A Spanish tradition introduced in France in the 19th century, this ritualized fight, until death, between man and bull in an arena, very quickly took root in the Camargue (south), a region of plains and marshes in the Rhône delta, where bullfighting games already existed and where many Spaniards settled for economic or political reasons.

“The bull here, we have lived with it since we were very young”, first by going to see the bullfights in the street, then the Camargue races where the animal is not put to death and finally the bullfights , says Thomas Guzman, a 37-year-old mason, who regularly comes to help at the Blohorn “ganaderia”, a breeding of fighting bulls.

Along the Vaccarès pond and its flocks of pink flamingos, live on 600 hectares these animals of massive stature, in the middle of cows and “cabestros”, more playful bulls who calm their congeners by their presence.

At four or five years old, the fighting bulls will face the matadors in “garments of light” in the arenas and will for the most part find death at the end of what the defenders of bullfighting qualify as a “noble ritual”.

Its detractors, like the deputy La France Insoumise (LFI, radical left) from Paris Aymeric Caron, at the origin of a bill to abolish it which could be examined on Thursday, see it as “torture”.

When a bull is pardoned because of his gallantry, he returns to breeding until his natural death.

Patrick Alarcon is the “mayoral” of the “ganaderia” Blohorn, that is to say the chief intendant. For 39 years, he has been one of those “guardians” who work in the open air, most often on a Camargue white horse.

On this November morning, he feeds the animals, sometimes talks to them, from afar because of their dangerousness. He observes a bearing of the head, a gait, the curvature of the horns.

“If we abolish bullfighting, all this know-how will be lost. If I lose this job, I will be the most unhappy man in the world, what am I going to do?”

– “accept to see death” –

He also defends the role of these bulls – which need large spaces – to preserve the Camargue environment. About 6,000 fighting bulls live in the Camargue in about thirty farms.

Does he understand the concern of some animal advocates who decry the killing of the bull in this show? “It’s a race that is made to fight, the bull fights to the death”, he retorts.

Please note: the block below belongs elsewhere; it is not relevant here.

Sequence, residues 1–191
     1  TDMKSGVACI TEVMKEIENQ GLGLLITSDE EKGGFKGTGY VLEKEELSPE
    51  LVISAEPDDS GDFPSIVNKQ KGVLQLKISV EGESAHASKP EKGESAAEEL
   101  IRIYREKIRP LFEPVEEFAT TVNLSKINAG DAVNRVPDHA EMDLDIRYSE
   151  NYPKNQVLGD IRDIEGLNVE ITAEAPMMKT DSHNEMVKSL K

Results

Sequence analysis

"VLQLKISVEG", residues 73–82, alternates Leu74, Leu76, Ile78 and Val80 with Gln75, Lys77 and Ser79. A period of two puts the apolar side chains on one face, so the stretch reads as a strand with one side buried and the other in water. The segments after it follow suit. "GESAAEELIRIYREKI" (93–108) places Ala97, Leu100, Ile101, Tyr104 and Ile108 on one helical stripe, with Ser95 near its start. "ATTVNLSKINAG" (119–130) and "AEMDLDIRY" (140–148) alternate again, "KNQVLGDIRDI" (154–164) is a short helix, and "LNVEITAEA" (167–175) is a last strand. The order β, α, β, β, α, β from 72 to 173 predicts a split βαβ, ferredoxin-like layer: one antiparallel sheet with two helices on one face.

Like many bullfighting enthusiasts in Arles, Patrick Alarcon believes that the bull takes on all its nobility during this fight against man, in an arena, far from the fate of the millions of animals taken away, out of sight, in industrial slaughterhouses for their meat.

“These animals also die, we don’t talk about them as much, and sometimes in not very nice conditions”, underlines Dalia Navarro for whom society “is finding it more and more difficult to accept seeing death. However, the corrida deals with death, an often taboo theme”.

This Arlesian founded Les Andalouses, a club bringing together enthusiasts of Sevillian dances and bullfighting, very active during the ferias, popular festivals bringing together thousands of people. “Here, even people who don’t go to bullfights are attached to it because the bull is part of the culture,” she insists.

At the bullfighting school, a dozen young people learn to bullfight, handling the bright red cape. On the sand of the arena, Mehdi Savalli, 37, a kid from Arles who became a professional matador, says he is ready to “defend” his passion “at all costs” against anti-corridas.

For him, the bull is like a “companion”. “I understand it’s something they’re not used to seeing but we feel something different. The only thing I have to say is leave us alone.”